But he feels the pain. Every part of it. ALL of it. And he sees the pain of people all over the world who suffer far greater than I do– pains that I probably couldn’t even begin to comprehend.

Yet he still has–and gives–joy. And hope.

How amazing.

When the night got quiet and my husband fell asleep I flipped through my phone, blankly staring at Pinterest and photography ideas. I stumbled across this picture with the quote below it:

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“Because of His infinite and eternal sacrifice…He can reach out, touch, succor, heal, and strengthen us to be more than we could ever be and help us to do that which we could never do.” —David A. Bednar

And this is why we need him. It’s why I need him.

There are these moments in life–and I’m sure you’ve had your fair share–where I’m just DONE. I don’t want to move my feet. I don’t want to try again. I don’t feel like laughing or saying “It’ll be ok”. Especially when a righteous desire just isn’t coming to pass for what seems like no reason at all. Especially when I feel like it’s all coming against me.

And somehow, without even realizing it, He steps in quietly and sits with me awhile. He does everything I can’t and somehow gets me to do everything I thought I couldn’t do.

Somehow I have a husband who has faith enough to look ahead with hope and make me laugh. Somehow I have friends who text me at just the right time to tell me they love me. Somehow I get the courage to stand up, wipe the tears, and face another day, another round, another try.

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Somehow He stays in the room, probably holding a hand over mine, even as I complain about His timing and His plan.

This very moment–this unbearable task–is teaching us to be more like that.

Brigham Young once said: “Every trial and experience you have passed through is necessary for your salvation.”

And I believe that more than anything. Although challenging, everything that happens to us teaches us a little bit more about what we need to become and the areas we need to refine.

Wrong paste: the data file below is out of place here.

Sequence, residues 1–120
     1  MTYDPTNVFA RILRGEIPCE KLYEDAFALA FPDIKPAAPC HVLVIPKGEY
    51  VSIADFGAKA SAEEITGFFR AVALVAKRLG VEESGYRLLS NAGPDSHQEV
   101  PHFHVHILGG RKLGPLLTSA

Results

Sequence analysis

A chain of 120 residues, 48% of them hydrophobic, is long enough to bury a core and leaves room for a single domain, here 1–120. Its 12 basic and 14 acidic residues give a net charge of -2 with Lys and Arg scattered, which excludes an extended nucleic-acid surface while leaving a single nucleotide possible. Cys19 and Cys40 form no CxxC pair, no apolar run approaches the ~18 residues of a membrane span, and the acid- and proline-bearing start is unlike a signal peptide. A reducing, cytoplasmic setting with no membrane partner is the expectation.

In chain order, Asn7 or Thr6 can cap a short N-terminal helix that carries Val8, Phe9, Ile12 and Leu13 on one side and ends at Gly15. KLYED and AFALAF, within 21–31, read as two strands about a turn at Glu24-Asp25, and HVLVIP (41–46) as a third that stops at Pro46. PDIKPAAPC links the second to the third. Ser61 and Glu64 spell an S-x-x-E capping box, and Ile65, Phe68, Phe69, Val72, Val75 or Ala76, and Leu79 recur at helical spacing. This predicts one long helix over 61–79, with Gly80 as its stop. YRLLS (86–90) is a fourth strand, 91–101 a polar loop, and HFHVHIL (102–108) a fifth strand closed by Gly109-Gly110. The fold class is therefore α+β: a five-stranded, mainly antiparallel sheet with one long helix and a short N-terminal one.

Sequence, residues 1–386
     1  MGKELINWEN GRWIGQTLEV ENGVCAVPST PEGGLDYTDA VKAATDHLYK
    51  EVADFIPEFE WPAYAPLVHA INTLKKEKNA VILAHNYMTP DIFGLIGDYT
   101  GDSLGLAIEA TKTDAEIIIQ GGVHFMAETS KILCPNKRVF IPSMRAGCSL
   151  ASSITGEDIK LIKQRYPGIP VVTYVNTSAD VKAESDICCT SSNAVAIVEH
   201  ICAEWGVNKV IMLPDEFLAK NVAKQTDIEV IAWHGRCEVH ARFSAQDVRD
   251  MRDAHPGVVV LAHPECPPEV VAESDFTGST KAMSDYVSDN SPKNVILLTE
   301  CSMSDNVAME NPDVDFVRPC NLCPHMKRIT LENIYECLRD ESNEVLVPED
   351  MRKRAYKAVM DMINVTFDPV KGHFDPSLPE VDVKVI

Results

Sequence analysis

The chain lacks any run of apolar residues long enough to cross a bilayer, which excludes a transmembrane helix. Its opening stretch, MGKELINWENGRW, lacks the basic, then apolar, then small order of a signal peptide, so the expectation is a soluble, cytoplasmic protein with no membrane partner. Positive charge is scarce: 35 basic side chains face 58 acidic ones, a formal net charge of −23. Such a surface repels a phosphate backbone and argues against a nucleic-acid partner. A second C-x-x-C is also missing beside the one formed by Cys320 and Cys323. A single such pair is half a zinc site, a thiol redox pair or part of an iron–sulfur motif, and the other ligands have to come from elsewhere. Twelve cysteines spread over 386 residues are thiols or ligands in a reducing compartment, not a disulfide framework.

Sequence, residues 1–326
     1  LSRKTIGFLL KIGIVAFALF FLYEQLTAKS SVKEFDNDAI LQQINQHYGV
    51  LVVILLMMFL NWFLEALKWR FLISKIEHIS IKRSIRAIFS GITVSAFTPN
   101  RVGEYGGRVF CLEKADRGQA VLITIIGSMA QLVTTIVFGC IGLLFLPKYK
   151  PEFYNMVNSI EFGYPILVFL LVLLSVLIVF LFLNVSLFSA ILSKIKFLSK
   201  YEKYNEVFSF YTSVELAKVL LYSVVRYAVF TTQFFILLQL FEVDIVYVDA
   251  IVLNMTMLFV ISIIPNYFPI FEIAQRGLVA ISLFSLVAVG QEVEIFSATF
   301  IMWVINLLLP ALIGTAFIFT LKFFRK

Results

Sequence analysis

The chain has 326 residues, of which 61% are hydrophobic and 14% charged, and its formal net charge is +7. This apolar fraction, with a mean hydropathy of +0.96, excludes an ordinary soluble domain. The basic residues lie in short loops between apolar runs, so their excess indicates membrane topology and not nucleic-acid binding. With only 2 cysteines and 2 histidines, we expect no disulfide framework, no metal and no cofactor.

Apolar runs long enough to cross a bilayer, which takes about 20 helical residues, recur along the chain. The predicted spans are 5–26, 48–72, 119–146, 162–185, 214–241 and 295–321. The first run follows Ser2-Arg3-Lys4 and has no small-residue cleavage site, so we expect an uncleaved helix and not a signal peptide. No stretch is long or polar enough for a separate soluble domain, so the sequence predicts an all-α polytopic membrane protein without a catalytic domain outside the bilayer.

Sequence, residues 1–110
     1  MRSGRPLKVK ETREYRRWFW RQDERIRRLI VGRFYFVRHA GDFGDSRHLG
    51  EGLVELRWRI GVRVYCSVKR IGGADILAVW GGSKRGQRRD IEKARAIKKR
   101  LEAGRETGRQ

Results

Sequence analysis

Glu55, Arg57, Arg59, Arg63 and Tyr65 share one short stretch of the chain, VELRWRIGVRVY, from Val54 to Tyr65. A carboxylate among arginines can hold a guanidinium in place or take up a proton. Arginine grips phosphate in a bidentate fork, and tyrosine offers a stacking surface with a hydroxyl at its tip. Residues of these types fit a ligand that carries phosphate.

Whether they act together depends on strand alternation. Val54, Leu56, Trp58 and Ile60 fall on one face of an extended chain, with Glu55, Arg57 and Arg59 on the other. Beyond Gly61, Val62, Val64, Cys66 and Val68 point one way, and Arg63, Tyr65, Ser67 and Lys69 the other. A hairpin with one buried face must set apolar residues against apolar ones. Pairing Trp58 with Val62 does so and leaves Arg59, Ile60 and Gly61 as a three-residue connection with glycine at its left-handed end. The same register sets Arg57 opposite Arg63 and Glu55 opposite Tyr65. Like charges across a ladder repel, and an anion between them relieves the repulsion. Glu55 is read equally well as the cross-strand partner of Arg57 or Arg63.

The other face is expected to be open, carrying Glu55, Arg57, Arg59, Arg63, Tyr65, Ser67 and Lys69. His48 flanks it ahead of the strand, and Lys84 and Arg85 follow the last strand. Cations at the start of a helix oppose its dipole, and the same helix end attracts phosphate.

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I want to have children more than anything. My heart–my soul–yearns for it.

But more than that even–I wish to continue forward.

I wish to be more like my husband, who sings through the silence of misery. More like those of you who suffer through the unbearable and praise the eternal. More like the Saints who buried children and walked through deserts with wounded feet simply to see Zion.

More, Savior, like thee.

‘Second chances and forever love’: The winner for the Temple Memory give-away

The give-away that should have ended a couple of weeks ago extended a little while longer simply because I didn’t want the e-mails to stop coming. As I sifted through each and every temple memory sent from people all over the world, I felt the spirit so strongly re-testifying to me the power of the temple and the truthfulness of it all.

I cried through some of them, got chills through most of them, and smiled with all of them simply because the message was the same with every single experience: God lives. And He loves us uniquely and individually.

Because I don’t want to keep such inspirational stories to myself I will be posting several of them for the next couple of weeks, and I hope they’ll touch your heart just as much as they’ve touched mine.